Reflection post-MA and the onward movement | Marc

Some of you who know me a bit or have delved in the archives may know that I just finished my MA Applied Linguistics and TESOL (Distance Learning) through University of Portsmouth. Nothing is finalised yet but my work has been marked and in the next couple of months I believe I get a lovely new piece of paper.

Would I do it again? Yes. I loved reading up on stuff I am interested in and then chatting about it. Would my wife let me do it again? Perhaps begrudgingly. There are reasons for her antipathy, none of which are to do with the University of Portsmouth but to do with work-life balance….

Continue reading at:

http://ift.tt/2yzH4yS

Advertisements

Reflection post-MA and the onward movement | Marc

Some of you who know me a bit or have delved in the archives may know that I just finished my MA Applied Linguistics and TESOL (Distance Learning) through University of Portsmouth. Nothing is finalised yet but my work has been marked and in the next couple of months I believe I get a lovely new piece of paper.

Would I do it again? Yes. I loved reading up on stuff I am interested in and then chatting about it. Would my wife let me do it again? Perhaps begrudgingly. There are reasons for her antipathy, none of which are to do with the University of Portsmouth but to do with work-life balance….

Continue reading at:

http://ift.tt/2yzH4yS

“This is gold!” | Marc

I’ve been using Saboteur with an adapted Kotoba Rollers framework by James York with my university classes. I want talking with authentic tasks, which games provide. There is also transcription of language used. It isn’t all fun and games though.

In the game, players are either good, hardworking miners or saboteurs. None of the players know the roles of the others but they hardworking miners need to work together to get the gold. The saboteurs need to ensure the pack of cards is exhausted before the treasure cards are reached. There are also action cards such as breaking tools, fixing…

Continue reading at:

http://ift.tt/2kJxPZH

“This is gold!” | Marc

I’ve been using Saboteur with an adapted Kotoba Rollers framework by James York with my university classes. I want talking with authentic tasks, which games provide. There is also transcription of language used. It isn’t all fun and games though.

In the game, players are either good, hardworking miners or saboteurs. None of the players know the roles of the others but they hardworking miners need to work together to get the gold. The saboteurs need to ensure the pack of cards is exhausted before the treasure cards are reached. There are also action cards such as breaking tools, fixing…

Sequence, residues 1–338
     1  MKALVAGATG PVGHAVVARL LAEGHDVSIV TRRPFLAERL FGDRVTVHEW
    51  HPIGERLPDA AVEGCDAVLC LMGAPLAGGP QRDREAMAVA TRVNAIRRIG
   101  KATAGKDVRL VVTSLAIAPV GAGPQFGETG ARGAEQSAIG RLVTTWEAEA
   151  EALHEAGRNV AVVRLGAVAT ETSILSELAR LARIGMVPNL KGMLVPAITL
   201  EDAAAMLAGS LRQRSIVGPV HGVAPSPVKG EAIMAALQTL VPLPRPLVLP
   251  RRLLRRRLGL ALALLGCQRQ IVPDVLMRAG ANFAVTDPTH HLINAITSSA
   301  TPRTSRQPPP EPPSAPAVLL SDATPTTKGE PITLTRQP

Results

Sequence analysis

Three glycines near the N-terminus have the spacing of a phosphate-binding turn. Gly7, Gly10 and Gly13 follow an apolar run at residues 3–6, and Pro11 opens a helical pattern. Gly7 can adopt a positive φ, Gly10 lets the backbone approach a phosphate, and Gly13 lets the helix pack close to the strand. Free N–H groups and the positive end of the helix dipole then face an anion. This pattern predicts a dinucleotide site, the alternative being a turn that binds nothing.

Continue reading at:

http://ift.tt/2kJxPZH

3 home truths about research evidence in TESOL | Marc

Research doesn’t affect anything except practice among some university teachers or a small number of school teachers. It does not affect materials to a degree significant enough to affect teachers’ general classroom practices. This is OK; those of us with lab coat envy can feel good about our principles while others can feel good about being in touch with teaching realities.

However slavishly you believe that you follow a method or approach, you’re probably following your interpretation of it rather than something the developer would regard as a practice they prescribed. This is fine…

Continue reading at:

http://ift.tt/2yYI5j4

3 home truths about research evidence in TESOL | Marc

Research doesn’t affect anything except practice among some university teachers or a small number of school teachers. It does not affect materials to a degree significant enough to affect teachers’ general classroom practices. This is OK; those of us with lab coat envy can feel good about our principles while others can feel good about being in touch with teaching realities.

However slavishly you believe that you follow a method or approach, you’re probably following your interpretation of it rather than something the developer would regard as a practice they prescribed. This is fine…

Continue reading at:

http://ift.tt/2yYI5j4

Managing Monkeys (and Dragons) | Marc

Do learners rely too much on teachers to do the ‘heavy lifting’ in the classroom? I’ve had a couple of things happen this week that have had me on this train of thought.

One of my colleagues put me on to Alan Waters’ (1998) article, Managing Monkeys in the ELT Classroom. The monkeys are not learners but the task at hand. Who is dealing with the task, and who should be?

Today, I had a review class with one of my RPG-based classes. It was the worst I have seen them. For a minority of students, when they should have been planning, they were talking about nonsense in Japanese (yes, I…

Continue reading at:

http://ift.tt/2z4tUK8